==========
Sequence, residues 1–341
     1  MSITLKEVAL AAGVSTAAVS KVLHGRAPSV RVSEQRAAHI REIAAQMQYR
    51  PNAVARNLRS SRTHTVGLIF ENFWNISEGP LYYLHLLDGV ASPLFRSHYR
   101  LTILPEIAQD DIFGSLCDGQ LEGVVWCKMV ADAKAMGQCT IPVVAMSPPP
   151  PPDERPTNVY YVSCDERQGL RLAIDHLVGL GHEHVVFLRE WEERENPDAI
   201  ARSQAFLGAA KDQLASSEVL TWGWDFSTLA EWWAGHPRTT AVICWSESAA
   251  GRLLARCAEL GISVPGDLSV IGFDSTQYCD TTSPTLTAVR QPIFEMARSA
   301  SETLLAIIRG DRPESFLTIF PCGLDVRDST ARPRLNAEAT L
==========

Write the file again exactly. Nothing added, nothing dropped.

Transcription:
Sequence, residues 1–341
     1  MSITLKEVAL AAGVSTAAVS KVLHGRAPSV RVSEQRAAHI REIAAQMQYR
    51  PNAVARNLRS SRTHTVGLIF ENFWNISEGP LYYLHLLDGV ASPLFRSHYR
   101  LTILPEIAQD DIFGSLCDGQ LEGVVWCKMV ADAKAMGQCT IPVVAMSPPP
   151  PPDERPTNVY YVSCDERQGL RLAIDHLVGL GHEHVVFLRE WEERENPDAI
   201  ARSQAFLGAA KDQLASSEVL TWGWDFSTLA EWWAGHPRTT AVICWSESAA
   251  GRLLARCAEL GISVPGDLSV IGFDSTQYCD TTSPTLTAVR QPIFEMARSA
   301  SETLLAIIRG DRPESFLTIF PCGLDVRDST ARPRLNAEAT L